Reading this book was a real shock, forcing me to rethink my position on the role of the UN in Afghanistan. Do I believe everything this brave woman has written? I'm not so sure. BUT . . . I do believe what she has to say about the conditions in Afghanistan.
The short history is that first the West aided the Taliban in Afghanistan to push out the Russians. Then they aided the Northern Alliance warlords against the Taliban. Now the UN-backed "democratic" government of Afghanistan is legitimizing the power of the Northern Alliance by seating them in the new government. When Joya spoke out against these warlords she was removed from her democratically-earned seat in the government and is spending the rest of her life back in a burqua, not because of her religion, because it is the only way to protect herself from assassination. She has had to return to living underground and under a false name, something she is used to since her time teaching women in illegal schools during the reign of the Taliban.
The biggest shock for me is the treatment of women and children in Afghanistan. I always argued for UN involvement in Afghanistan because it would lead to the end of terrorists' and warlords' power in the country and to protect and improve the lot of women and children. From what I've read in Joya's book and what I have since read from other sources, this isn't happening. The warlords have the power and women and children have none.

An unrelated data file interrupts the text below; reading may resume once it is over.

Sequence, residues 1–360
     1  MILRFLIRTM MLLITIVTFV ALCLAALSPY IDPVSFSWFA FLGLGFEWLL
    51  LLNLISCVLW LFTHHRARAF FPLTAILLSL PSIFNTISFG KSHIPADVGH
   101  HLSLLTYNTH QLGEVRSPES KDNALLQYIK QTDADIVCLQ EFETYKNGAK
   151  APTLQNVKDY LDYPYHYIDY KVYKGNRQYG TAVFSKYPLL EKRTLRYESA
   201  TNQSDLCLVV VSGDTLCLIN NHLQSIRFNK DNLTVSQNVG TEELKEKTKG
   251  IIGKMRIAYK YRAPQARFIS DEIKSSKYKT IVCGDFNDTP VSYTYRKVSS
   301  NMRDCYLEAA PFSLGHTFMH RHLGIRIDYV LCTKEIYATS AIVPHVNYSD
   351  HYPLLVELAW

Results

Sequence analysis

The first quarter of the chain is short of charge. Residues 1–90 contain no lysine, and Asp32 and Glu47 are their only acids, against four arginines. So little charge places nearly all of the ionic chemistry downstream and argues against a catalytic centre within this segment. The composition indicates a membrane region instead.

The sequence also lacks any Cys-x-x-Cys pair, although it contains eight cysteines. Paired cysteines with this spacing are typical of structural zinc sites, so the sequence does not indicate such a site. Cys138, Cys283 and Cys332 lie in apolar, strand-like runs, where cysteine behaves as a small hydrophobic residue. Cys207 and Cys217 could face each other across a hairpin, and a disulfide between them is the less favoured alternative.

Joya's book is compelling and heart-breaking and shocking. Her writing style resembles a person giving an impassioned speech that lasts for a very long time. She often repeats herself. She is dogmatic.
Was this book a good read? As far as style, no. Because it gives insight into the life of the Afghan people, yes.
|Joya was booted from parliament for opposing both the Taliban and Karzai's warlord allies.|